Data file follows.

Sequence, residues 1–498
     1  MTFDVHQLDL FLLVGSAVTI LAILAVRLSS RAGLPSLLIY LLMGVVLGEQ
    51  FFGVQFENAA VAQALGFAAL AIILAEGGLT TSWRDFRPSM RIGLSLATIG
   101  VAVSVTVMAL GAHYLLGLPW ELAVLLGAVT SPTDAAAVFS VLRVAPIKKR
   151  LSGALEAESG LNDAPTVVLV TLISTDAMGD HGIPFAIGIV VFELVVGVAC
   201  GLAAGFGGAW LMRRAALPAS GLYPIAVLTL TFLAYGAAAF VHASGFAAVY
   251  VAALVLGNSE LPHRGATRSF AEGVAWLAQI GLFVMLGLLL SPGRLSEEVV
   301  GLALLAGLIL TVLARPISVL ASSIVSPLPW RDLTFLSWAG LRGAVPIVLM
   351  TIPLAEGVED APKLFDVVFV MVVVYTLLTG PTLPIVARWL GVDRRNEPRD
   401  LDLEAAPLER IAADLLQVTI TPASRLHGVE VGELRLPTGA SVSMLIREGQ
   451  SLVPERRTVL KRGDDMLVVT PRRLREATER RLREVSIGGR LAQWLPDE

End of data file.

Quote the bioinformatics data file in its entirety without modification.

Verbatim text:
Sequence, residues 1–498
     1  MTFDVHQLDL FLLVGSAVTI LAILAVRLSS RAGLPSLLIY LLMGVVLGEQ
    51  FFGVQFENAA VAQALGFAAL AIILAEGGLT TSWRDFRPSM RIGLSLATIG
   101  VAVSVTVMAL GAHYLLGLPW ELAVLLGAVT SPTDAAAVFS VLRVAPIKKR
   151  LSGALEAESG LNDAPTVVLV TLISTDAMGD HGIPFAIGIV VFELVVGVAC
   201  GLAAGFGGAW LMRRAALPAS GLYPIAVLTL TFLAYGAAAF VHASGFAAVY
   251  VAALVLGNSE LPHRGATRSF AEGVAWLAQI GLFVMLGLLL SPGRLSEEVV
   301  GLALLAGLIL TVLARPISVL ASSIVSPLPW RDLTFLSWAG LRGAVPIVLM
   351  TIPLAEGVED APKLFDVVFV MVVVYTLLTG PTLPIVARWL GVDRRNEPRD
   401  LDLEAAPLER IAADLLQVTI TPASRLHGVE VGELRLPTGA SVSMLIREGQ
   451  SLVPERRTVL KRGDDMLVVT PRRLREATER RLREVSIGGR LAQWLPDE